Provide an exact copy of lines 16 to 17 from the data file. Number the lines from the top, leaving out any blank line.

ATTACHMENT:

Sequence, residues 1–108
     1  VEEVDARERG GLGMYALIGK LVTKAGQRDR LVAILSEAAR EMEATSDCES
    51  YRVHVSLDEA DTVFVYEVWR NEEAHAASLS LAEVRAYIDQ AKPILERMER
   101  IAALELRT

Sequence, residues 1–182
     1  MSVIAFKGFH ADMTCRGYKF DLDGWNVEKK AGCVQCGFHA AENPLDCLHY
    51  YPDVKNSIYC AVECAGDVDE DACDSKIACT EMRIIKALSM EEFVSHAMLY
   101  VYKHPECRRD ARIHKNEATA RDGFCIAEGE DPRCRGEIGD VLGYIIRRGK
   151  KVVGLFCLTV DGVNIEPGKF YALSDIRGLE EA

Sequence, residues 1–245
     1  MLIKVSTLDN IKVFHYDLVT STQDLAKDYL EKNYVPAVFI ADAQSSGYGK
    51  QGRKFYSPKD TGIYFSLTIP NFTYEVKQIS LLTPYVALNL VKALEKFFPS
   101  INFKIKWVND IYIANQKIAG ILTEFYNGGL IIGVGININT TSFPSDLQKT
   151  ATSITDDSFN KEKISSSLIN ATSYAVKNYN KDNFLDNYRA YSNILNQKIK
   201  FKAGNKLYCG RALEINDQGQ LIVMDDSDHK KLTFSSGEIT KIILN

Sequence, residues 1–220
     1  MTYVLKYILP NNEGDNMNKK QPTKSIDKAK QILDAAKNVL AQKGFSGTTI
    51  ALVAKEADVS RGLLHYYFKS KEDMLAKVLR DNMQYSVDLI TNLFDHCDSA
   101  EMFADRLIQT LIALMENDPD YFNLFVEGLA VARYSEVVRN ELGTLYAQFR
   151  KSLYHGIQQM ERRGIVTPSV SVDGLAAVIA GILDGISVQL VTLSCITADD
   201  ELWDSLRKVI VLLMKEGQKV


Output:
Sequence, residues 1–220
     1  MTYVLKYILP NNEGDNMNKK QPTKSIDKAK QILDAAKNVL AQKGFSGTTI